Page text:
In re: Sherrod et al. v. Webber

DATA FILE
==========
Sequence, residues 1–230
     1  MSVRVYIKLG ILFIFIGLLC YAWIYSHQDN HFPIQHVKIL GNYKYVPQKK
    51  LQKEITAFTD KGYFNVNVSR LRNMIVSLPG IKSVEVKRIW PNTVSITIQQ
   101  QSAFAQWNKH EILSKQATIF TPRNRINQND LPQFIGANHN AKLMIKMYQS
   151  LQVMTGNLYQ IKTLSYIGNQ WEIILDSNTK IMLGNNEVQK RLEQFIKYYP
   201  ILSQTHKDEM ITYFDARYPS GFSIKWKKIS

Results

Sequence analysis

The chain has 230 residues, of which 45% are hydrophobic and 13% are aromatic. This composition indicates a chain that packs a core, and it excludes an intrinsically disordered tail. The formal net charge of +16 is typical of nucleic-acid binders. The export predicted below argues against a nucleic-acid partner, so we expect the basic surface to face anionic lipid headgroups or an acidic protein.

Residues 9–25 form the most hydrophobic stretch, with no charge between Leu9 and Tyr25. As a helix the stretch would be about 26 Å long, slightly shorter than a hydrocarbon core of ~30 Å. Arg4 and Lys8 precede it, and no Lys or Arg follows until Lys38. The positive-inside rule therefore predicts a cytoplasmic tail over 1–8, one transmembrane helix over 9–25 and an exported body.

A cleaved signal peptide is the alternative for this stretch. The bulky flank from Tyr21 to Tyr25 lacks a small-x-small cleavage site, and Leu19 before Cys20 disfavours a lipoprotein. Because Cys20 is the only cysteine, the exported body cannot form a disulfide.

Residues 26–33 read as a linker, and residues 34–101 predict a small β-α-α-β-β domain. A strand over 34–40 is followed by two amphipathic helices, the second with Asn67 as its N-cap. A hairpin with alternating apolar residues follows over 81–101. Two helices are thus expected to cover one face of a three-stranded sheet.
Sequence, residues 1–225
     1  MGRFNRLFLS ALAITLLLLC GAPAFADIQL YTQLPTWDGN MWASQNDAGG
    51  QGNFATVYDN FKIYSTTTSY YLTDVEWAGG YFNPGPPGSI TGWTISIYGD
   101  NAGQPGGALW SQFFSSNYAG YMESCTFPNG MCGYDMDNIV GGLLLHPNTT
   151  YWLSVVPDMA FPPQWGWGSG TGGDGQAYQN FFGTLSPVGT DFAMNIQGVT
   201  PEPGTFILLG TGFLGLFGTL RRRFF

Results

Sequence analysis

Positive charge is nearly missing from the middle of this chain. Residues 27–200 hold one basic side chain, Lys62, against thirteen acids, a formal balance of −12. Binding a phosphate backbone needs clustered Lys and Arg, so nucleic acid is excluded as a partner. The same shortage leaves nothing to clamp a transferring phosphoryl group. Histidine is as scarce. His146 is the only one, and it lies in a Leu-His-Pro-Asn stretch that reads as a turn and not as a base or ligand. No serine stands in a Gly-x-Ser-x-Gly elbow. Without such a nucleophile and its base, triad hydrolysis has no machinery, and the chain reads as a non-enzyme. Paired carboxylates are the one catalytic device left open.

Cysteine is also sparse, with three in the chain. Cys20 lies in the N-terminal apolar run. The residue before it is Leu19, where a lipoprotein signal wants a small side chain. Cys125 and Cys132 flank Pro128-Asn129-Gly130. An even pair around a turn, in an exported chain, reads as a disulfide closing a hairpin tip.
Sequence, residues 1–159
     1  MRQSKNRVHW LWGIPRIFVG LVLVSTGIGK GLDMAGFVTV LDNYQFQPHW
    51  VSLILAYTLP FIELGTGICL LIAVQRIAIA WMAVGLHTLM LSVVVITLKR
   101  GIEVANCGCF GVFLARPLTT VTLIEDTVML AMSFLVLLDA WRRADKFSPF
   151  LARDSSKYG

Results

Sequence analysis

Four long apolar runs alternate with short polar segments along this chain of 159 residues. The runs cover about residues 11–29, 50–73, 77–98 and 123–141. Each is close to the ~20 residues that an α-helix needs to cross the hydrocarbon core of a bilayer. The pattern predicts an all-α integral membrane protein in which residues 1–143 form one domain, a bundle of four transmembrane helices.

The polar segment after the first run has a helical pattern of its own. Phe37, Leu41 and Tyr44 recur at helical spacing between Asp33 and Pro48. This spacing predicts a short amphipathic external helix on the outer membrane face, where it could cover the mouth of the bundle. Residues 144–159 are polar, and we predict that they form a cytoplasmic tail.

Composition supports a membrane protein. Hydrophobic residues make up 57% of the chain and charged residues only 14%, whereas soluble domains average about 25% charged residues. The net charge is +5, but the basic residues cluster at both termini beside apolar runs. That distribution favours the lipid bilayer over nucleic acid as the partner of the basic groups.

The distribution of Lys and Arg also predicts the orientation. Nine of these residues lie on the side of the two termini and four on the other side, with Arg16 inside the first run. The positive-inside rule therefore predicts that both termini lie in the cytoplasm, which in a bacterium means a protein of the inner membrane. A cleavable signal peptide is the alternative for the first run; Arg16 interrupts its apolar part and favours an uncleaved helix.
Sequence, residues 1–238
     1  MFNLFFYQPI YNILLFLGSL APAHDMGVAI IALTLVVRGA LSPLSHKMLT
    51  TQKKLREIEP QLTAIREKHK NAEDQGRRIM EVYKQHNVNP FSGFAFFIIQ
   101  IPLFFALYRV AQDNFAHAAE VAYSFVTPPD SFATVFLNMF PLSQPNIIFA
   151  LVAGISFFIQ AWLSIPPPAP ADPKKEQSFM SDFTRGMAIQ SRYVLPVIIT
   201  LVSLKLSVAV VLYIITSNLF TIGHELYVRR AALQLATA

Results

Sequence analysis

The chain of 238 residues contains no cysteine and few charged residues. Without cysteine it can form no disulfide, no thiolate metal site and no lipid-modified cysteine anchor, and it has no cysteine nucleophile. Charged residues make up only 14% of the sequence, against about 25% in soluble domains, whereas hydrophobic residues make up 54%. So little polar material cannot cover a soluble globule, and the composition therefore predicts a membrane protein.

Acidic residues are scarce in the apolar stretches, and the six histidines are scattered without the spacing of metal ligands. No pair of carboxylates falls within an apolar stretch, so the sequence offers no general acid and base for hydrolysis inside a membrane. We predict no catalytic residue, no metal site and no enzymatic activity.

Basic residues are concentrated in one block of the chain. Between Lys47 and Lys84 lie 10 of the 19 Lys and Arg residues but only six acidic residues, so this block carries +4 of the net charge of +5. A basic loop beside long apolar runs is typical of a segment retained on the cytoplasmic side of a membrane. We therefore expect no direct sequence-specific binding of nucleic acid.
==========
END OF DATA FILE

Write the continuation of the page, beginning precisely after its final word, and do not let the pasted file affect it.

Larry Webber petitioned for a writ of mandamus to direct the circuit court to vacate his order denying his motion to dismiss an action filed against him by Donald Sherrod, Helen Sherrod, and State Farm Fire and Casualty Company ("State Farm"). The Sherrods hired Webber to paint inside their house. The Sherrods and State Farm alleged that Webber and his employees did not cover objects in the house before painting and that overspraying damaged the walls, floors, countertops, fixtures, appliances, and a number of items of personal property in the house. Donald Sherrod sued Webber in the small-claims court. Helen was not a party to the small-claims-court action. Sherrod won, and Webber paid the judgment. The Sherrods sued Webbr again, this time in Circuit Court - the only difference this time was that Helen was added as a party. In her affidavit filed for the circuit court action, Helen Sherrod stated that State Farm paid them "for damage[] to the flooring, walls and interior of the home. State Farm did not pay us for the damage[] to any of the personal property because the damage[] to the personal property [was] not covered by our policy." In response to the circuit court action, Webber moved to dismiss the complaint, asserting that the action was barred by the doctrine of res judicata and the prohibition against double recovery. The circuit court denied Webber's motion to dismiss without explaining its reasons. The Supreme Court concluded that res judicata barred the Sherrods and State Farm from bringing the circuit-court action. Accordingly, the circuit court should have granted Webber's motion for a summary judgment on all the claims against him. View "In re: Sherrod et al. v. Webber" on Justia Law